There's also the traditional transport operation to make those crowds of revellers get into and out of London safely.
Piers Hopkirk reports now on the preparations ahead of tonight's festivities.
Despite the bad weather, up a quarter of a million of people are expected to converge on the capital tonight to welcome in 2013.
Many will head for the banks of the Thames to get the best vantage points for the traditional New Year's fireworks display.
Nick Thatcher spoke to Jim Donald from Jack Morton Worldwide in his report.
Tourists from all over the world are looking forward to celebrating New Year's Eve in London, despite the wet and windy weather.
Jim Donald, from Jack Morton Worldwide, who is executive producer for London's New Year's Eve party,said: "We're thrilled again to be a part of New Year's Eve. We've been running this for the last nine years.
"We opened the year, a spectacular year, just 12 months ago and we're going to close the year off in hopefully an even bigger and better way."
Tube, DLR, tram and some National Rail services in Greater London will run all night on New Years Eve.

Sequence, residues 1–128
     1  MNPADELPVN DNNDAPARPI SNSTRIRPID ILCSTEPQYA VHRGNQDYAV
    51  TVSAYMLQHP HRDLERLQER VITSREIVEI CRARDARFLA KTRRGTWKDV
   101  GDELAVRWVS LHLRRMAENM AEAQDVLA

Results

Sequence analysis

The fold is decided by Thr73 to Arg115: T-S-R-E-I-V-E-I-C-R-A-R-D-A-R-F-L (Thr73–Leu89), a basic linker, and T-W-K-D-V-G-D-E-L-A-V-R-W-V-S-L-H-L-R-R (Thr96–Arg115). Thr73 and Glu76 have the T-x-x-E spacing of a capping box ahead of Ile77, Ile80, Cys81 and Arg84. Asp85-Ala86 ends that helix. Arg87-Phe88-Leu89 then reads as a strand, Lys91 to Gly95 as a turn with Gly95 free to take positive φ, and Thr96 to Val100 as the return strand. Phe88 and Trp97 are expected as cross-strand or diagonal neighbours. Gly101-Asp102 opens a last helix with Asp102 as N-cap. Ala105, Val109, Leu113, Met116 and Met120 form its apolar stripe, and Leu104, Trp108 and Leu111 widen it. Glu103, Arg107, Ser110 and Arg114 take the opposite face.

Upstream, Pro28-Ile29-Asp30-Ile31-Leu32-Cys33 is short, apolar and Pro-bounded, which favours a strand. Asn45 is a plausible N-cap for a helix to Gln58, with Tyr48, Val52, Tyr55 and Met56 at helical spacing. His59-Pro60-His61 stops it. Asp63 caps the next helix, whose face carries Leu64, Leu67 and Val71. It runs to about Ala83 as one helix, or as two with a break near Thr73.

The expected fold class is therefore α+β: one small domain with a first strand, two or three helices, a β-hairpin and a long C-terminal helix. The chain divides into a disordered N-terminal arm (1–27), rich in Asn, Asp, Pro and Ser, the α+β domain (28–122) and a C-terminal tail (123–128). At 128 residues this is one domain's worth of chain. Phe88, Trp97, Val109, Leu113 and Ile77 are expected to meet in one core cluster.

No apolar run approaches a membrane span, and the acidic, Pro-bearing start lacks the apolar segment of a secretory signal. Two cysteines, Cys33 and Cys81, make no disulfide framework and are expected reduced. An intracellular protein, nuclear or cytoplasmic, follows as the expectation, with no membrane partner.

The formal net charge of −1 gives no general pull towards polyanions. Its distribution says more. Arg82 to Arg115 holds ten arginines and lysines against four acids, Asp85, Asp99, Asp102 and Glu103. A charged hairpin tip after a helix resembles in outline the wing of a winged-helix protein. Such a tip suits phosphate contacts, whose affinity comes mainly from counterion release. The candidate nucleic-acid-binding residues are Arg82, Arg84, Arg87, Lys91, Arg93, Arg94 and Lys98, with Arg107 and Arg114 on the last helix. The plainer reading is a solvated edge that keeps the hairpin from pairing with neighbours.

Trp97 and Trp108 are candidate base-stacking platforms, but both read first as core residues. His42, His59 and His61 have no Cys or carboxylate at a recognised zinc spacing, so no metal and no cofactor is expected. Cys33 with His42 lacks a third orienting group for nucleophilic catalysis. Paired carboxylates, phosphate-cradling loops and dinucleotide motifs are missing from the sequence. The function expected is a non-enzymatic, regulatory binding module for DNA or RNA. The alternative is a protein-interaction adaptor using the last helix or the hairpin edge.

Night and 24 hour bus routes will run as normal, but there will be a reduction in bus services leaving central London from around 5pm to around 3am on New Year's morning because of road closures.
There will be free London travel on bus, Tube, tram and DLR from 11:45pm until 4:30am and on London Overground until last trains.
For more details visit the TfL website.
As London gears up to celebrate the end of 2012 for the capital, Transport for London and Diageo reveal the operation on New Years Eve to ensure everyone gets home safe free of charge.
Tube train doors will open and close around 64,000 times between 11.45pm and 4.30am.
More than 19,000 bus stops will be visited by nearly 8,000 buses.
Buses will collectively clock up at least 40,000 miles on the capitals roads to get everyone home after the party.·
The transport networks 400 escalators will cover a total of 39,000 miles during the night - equivalent to lapping the world one and a half times.
A total of 561,496 miles will be travelled to get around 2.5 million people home.